Embezzlement charges are severe enough that you could be looking at multiple years in prison. The second you find out you’re being investigated, whether you’ve committed the acts in question or not, you should get in contact with a lawyer. If you don’t find out about the investigation until you’re arrested, make sure you invoke your right to an attorney. Don’t speak to the police without your lawyer present.
Embezzlement crimes can have a severe impact on a victim. There are people who have had their livelihoods and entire lives ruined due to another person’s embezzling. They have lost their family homes, been unable to provide for their loved ones, and even struggled to put food on the table.
Some embezzlement crimes have more of a direct impact than others. Small businesses, for example, tend to take a serious hit when people steal from them. A small business doesn’t have the insurance backup to have their lost wages replenished. Some businesses might go into bankruptcy or have to lay off employees who have worked at the company for years.
The amount of money being stolen also has an impact. When just a small amount of money is taken at one time, most businesses and individuals can bounce back. But when the theft is ongoing and dips into a significant percentage of a business or nonprofit’s earnings, it causes serious problems.
These are just some questions that victims of embezzlement often have to ask themselves when their financial troubles are finally realized:
- Can I pay off my student loans?
- Can I pay to go to school?
- Can I pay my rent or mortgage?
- Can I fulfill my legal commitments?
- Can I buy food this week?
- Can I give my kids the financial stability they deserve?
Charges and Their Severity
After you’ve initially been arrested, the DA’s office tends to work with the police and the judges. The DA’s office will build a preliminary case against you through the evidence that law enforcement has compiled. The prosecutor will typically be assertive in requesting certain bail amounts, jail time, certain restitution amounts, information about the person’s criminal record, and the sentence they’ll be seeking for the charges.
All of these things are established at the beginning of a case. The DA building a case does not automatically point to a person’s guilt. An individual is considered innocent until they are proven guilty. The person has not been convicted of a crime until they are officially sentenced. If you didn’t commit the crime you’re accused of, you have a right to a trial to prove your innocence. However, proceeding to trial instead of negotiating with the prosecutors may cause you to risk heavier penalties.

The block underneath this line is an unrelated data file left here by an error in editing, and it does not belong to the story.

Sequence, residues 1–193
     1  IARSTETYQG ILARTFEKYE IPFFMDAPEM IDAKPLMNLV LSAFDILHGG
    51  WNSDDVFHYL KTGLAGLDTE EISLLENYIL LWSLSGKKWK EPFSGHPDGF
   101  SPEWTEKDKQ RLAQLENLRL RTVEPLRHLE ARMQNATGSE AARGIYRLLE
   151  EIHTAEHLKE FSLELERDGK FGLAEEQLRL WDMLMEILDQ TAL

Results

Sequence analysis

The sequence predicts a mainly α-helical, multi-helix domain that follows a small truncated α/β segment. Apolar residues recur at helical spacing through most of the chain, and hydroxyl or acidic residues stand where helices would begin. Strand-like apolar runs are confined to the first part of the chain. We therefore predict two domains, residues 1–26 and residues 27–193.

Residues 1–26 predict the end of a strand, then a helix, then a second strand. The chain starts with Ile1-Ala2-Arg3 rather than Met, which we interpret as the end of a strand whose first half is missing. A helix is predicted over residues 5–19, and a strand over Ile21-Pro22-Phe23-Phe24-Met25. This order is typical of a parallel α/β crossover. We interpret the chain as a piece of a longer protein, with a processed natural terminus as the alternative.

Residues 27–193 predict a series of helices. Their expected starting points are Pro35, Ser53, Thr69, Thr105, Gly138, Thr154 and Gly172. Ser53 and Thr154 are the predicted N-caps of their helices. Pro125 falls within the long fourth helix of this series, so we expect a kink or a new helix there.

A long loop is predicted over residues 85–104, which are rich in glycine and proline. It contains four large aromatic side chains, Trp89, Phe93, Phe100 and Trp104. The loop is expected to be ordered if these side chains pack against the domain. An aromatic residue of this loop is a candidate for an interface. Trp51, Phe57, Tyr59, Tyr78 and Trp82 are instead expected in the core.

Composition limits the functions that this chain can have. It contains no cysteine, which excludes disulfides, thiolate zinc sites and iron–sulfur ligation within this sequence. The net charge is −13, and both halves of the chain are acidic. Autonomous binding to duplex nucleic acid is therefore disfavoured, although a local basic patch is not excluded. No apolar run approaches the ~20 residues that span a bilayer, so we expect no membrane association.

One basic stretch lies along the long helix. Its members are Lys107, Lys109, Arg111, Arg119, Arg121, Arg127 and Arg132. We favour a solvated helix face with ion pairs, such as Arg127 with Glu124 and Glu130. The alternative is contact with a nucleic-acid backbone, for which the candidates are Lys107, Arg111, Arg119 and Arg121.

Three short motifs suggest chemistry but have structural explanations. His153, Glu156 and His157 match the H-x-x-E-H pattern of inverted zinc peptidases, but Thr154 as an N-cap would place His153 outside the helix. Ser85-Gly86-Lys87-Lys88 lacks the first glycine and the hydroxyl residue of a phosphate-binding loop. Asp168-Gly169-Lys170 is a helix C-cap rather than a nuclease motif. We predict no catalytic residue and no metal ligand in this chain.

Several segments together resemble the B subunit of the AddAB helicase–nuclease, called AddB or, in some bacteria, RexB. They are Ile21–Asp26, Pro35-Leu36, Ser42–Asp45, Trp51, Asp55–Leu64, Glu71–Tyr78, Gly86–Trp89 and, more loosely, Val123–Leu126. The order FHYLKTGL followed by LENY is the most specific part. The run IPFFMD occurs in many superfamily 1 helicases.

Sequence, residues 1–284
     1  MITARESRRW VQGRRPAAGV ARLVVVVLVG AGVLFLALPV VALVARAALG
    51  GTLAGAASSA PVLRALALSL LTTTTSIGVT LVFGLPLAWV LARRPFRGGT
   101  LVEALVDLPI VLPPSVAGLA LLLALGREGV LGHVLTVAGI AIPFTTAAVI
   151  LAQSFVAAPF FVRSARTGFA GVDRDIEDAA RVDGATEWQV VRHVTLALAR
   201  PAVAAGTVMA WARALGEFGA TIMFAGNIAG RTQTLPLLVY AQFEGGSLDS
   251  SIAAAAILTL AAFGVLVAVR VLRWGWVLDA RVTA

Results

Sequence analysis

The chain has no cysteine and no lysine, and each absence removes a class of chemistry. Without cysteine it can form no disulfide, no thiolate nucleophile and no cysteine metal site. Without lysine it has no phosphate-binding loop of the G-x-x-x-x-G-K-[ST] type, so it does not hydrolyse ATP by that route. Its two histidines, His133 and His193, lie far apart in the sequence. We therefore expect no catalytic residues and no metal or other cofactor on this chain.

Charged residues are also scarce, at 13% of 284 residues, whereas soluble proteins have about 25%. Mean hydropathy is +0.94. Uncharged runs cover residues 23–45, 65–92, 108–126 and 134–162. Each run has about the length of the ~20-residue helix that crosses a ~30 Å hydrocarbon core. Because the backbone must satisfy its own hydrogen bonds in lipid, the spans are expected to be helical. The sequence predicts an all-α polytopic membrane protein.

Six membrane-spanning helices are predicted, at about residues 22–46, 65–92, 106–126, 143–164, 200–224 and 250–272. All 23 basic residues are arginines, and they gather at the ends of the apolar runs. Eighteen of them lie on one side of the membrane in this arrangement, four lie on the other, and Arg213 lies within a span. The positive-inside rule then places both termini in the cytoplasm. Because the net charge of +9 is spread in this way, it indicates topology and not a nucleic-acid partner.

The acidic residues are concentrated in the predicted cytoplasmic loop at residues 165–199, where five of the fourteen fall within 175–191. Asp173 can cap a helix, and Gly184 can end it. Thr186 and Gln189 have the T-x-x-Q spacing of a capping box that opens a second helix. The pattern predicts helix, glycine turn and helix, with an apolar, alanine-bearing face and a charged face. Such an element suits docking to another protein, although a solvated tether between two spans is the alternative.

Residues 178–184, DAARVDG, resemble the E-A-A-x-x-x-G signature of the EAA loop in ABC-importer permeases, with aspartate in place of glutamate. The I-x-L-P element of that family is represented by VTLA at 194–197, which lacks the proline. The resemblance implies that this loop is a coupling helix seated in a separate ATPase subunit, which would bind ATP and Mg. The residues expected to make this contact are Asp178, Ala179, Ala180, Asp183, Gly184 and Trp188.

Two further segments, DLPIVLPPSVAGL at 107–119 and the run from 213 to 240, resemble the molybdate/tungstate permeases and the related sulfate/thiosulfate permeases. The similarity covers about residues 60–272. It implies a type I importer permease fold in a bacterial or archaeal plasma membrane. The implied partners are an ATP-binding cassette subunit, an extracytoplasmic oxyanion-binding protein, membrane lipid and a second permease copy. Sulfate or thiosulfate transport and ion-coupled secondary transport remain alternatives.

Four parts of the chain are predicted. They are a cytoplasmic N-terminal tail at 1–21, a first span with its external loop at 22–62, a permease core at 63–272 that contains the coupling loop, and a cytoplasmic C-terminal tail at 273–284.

Embezzlement is a white collar crime, but that doesn’t mean that it doesn’t cause any damage. There may be individuals who have suffered greatly because of what was done. These individuals may have a chance to testify on behalf of the prosecution for the judge. When they establish what they’ve lost due to the embezzlement, the chances of leniency will become lower.
By the time you get arrested, the DA’s office has already compiled enough evidence to make an accusation stick. A competent DA will not jump into an arrest without sufficient evidence. The entire system is stacked against you, which is why you need a lawyer. No one in the justice system will be on your side except your lawyer, who you’ll need to trust implicitly to guide you through this.
Embezzlement in New York
Different states have different statutes and sentencing guidelines regarding embezzlement. New York is a unique situation because it’s home of Wall Street, the financial capital of America. A lot of white collar crime occurs in Wall Street businesses. As such, New York prosecutors tend to be more dedicated to white collar crime than prosecutors in more rural or less corporate-focused states.
The embezzlement crimes committed in New York can sometimes be on a larger scale because of the sheer amount of money and property that changes hands on a daily basis. The state is also home to more financial industries and hedge funds than anywhere else in the US.